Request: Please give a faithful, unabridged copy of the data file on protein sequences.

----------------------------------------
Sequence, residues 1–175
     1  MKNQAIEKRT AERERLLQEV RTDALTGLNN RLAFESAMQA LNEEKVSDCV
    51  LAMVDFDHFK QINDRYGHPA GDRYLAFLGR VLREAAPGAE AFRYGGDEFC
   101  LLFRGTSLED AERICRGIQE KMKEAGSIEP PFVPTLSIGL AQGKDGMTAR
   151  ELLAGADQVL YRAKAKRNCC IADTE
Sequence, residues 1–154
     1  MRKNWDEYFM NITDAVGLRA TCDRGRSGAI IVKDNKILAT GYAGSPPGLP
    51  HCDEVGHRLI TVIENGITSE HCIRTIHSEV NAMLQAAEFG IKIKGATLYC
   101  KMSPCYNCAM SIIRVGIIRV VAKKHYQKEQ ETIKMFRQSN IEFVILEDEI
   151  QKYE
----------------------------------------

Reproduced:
Sequence, residues 1–175
     1  MKNQAIEKRT AERERLLQEV RTDALTGLNN RLAFESAMQA LNEEKVSDCV
    51  LAMVDFDHFK QINDRYGHPA GDRYLAFLGR VLREAAPGAE AFRYGGDEFC
   101  LLFRGTSLED AERICRGIQE KMKEAGSIEP PFVPTLSIGL AQGKDGMTAR
   151  ELLAGADQVL YRAKAKRNCC IADTE
Sequence, residues 1–154
     1  MRKNWDEYFM NITDAVGLRA TCDRGRSGAI IVKDNKILAT GYAGSPPGLP
    51  HCDEVGHRLI TVIENGITSE HCIRTIHSEV NAMLQAAEFG IKIKGATLYC
   101  KMSPCYNCAM SIIRVGIIRV VAKKHYQKEQ ETIKMFRQSN IEFVILEDEI
   151  QKYE